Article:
The definition of neuroplasticity in Wikipedia reads as follows;
"Neuroplasticity, also known as brain plasticity, is an umbrella term that encompasses both synaptic plasticity and non-synaptic plasticity—it refers to changes in neural pathways and synapses due to changes in behavior, environment, neural processes, thinking, emotions, as well as changes resulting from bodily injury. Neuroplasticity has replaced the formerly-held position that the brain is a physiologically static organ, and explores how - and in which ways - the brain changes throughout life."
It would stand to reason that when we think, make decisions, take actions, etc…that something is happening in the brain when we do so.
The idea that repetitive thoughts and or actions form a kind of circuitry or path in our brains kind of makes sense. It would explain why some things that we do seem to happen “automatically”. Do the same things over and over enough times and there logically would be less conscious thought needed to embark on said activities.
In its simplest form, take an activity like brushing your teeth. When you first learned how to do it, it wasn’t “automatic” because you had never done it before. You have to learn how to take the cap off the toothpaste, squeeze some on the brush without getting it all over the place, learn the actual process of brushing, etc…. Obviously none of this is rocket science and after we learn how to do it, we don’t “think” about it while doing so.
I don’t think that it’s too much of a reach to think that the same kind of thing takes place in more complex situations.
In the arena of dependent drinking, many reasons for the repeated actions of drinking beyond normal levels are suggested ranging from it being a response or “self-medicating” solution to stress, anxiety, PTSD, depression to just doing so because it’s fun or you like the feeling.
Regardless of the reason, if you do it often enough, long enough, these neural pathways very well might begin to form so that the behavior or action begins to require less and less premeditated thought. It becomes more and more “automatic”. By the sheer repetition of having done the same thing over and over under the same circumstances, you become “wired” to do so again and again.
Is that how it happens? I don’t know but there is a certain kind of logic to it.
That being said though, would you classify this process or phenomenon as a “disease”?
Personally I would classify it more as conditioning or reinforced behavior.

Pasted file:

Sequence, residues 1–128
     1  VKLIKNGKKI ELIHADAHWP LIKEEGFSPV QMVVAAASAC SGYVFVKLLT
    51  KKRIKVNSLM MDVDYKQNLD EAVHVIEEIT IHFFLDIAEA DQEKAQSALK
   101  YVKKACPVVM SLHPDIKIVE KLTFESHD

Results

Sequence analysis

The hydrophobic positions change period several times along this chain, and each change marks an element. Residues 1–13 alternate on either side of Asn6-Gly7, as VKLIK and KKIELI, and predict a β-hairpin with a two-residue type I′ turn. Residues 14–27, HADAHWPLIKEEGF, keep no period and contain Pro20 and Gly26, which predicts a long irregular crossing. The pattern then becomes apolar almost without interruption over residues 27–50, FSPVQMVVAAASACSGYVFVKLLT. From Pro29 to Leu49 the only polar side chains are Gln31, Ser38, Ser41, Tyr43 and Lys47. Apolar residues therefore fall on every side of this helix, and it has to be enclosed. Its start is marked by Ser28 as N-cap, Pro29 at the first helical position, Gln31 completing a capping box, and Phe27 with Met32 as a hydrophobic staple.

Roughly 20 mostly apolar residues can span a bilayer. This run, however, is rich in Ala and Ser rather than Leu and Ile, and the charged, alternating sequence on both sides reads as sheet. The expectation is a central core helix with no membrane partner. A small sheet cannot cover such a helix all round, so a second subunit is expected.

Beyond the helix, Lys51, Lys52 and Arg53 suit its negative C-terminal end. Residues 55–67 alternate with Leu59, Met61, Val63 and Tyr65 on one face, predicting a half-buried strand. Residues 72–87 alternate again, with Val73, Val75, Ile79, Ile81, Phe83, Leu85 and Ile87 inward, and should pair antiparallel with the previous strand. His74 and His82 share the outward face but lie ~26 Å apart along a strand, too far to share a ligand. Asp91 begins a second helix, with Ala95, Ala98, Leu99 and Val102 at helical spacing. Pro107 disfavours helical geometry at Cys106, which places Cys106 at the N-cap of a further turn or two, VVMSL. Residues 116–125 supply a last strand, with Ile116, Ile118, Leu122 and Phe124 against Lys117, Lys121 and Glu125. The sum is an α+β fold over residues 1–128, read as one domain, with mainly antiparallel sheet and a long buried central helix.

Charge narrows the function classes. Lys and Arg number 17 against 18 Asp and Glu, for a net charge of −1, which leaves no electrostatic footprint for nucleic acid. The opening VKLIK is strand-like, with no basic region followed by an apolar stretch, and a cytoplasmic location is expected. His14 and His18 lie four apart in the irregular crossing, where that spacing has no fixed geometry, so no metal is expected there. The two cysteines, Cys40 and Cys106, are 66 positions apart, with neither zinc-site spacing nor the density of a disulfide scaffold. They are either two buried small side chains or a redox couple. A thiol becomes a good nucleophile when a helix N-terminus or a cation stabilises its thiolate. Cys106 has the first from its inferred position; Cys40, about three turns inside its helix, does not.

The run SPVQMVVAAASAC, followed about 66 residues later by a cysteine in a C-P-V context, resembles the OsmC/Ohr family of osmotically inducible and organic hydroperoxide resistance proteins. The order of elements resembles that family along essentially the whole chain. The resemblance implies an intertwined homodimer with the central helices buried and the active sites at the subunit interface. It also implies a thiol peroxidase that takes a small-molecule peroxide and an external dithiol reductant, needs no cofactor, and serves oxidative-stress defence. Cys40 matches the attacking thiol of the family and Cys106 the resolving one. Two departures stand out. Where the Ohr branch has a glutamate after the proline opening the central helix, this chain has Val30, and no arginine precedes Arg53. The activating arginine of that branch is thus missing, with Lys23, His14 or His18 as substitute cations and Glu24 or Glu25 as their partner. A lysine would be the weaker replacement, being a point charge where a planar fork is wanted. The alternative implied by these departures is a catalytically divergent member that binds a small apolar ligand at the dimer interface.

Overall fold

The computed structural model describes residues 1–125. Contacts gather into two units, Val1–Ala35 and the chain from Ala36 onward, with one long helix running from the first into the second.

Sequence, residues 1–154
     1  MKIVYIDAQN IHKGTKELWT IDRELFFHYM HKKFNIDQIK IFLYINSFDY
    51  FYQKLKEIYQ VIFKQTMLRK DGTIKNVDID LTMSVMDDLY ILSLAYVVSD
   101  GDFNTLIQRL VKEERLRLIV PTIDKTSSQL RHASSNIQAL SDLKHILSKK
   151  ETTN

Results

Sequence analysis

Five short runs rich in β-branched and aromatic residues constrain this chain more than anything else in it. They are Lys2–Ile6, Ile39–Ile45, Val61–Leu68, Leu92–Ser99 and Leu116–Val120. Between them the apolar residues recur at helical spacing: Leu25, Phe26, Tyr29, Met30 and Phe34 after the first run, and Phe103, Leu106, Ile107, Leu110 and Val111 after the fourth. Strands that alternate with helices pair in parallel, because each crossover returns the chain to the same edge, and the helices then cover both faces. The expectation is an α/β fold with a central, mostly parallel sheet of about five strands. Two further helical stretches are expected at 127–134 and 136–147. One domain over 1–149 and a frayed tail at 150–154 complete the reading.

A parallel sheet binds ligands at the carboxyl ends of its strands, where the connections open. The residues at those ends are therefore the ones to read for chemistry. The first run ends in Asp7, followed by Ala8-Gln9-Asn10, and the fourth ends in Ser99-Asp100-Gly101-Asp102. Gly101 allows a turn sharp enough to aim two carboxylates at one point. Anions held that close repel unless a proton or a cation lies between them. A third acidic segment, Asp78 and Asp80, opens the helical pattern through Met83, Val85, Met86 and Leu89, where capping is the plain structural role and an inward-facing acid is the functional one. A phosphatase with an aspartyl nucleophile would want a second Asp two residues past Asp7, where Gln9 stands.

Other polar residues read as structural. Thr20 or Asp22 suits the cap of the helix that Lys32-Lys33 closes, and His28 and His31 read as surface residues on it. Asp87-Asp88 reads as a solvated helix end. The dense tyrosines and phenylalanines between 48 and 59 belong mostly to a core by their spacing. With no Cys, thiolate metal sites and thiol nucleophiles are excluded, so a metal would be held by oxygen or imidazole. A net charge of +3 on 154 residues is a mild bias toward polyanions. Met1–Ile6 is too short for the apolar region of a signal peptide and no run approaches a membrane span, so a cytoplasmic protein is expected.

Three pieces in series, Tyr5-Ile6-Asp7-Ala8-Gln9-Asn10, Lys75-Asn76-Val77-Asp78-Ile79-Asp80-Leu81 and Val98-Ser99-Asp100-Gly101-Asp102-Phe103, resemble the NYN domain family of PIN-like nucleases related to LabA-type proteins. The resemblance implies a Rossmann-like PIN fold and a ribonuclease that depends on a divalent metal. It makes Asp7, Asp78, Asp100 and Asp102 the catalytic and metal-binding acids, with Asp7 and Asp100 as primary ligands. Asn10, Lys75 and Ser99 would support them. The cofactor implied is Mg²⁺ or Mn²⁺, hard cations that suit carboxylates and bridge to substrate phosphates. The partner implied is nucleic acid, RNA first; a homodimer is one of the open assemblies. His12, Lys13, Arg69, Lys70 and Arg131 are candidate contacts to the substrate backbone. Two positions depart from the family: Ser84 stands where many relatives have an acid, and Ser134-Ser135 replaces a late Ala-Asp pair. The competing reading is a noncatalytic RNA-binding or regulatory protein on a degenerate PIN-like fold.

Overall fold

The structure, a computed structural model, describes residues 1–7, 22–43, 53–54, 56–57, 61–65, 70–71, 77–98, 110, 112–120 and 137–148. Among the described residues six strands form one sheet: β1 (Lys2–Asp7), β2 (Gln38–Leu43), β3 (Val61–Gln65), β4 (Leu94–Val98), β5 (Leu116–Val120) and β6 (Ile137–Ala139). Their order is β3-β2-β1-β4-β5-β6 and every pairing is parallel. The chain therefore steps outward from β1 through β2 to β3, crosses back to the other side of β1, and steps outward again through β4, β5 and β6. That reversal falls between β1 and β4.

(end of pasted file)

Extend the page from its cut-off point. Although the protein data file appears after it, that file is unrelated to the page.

It makes sense that the longer and harder that you’ve “practiced” this response, that the harder it will be to “undo” those actions and thoughts as those pathways become more ingrained and automatic.
But does that mean that you are powerless to alter those pathways? The evidence clearly shows otherwise.
People do in fact alter the way that they respond and have proven that they can overcome habitual behavior by consciously rejecting their impulsive tendencies that have been strengthened, perhaps by these neural pathways.
Is it easy? Hell no but by being aware that you are being pulled in a certain direction subconsciously you can consciously make the decision to override those directives.
By using your will and decision making abilities, you can practice and engage in different responses that will in essence, create new neural pathways.
Do the old ones disappear and how long does that take? That’s a good question and it might take longer than one would think if they even disappear at all.
That would go a long way towards explaining why people relapse so easily. If those pathways, which had been so strongly developed, are rekindled, they may be able to assert themselves again rather easily.
Maybe that’s why you hear stories of people relapsing relative easily, those pathways were well entrenched and pretty strong and why others don’t seem to have that same issue.
I don’t think most people if after having abstained for a considerable period, are going to fall right back into that “path” if they have a few drinks. But maybe, if you start up again, after a while those old pathways start to build up steam and if you aren’t paying attention or respect its potential, then trouble might come your way.
I know that I don’t know but it’s a pretty compelling theory.
What I do know is that I’m not completely at the mercy of these neural pathways, that I do have a say in “which path I follow”!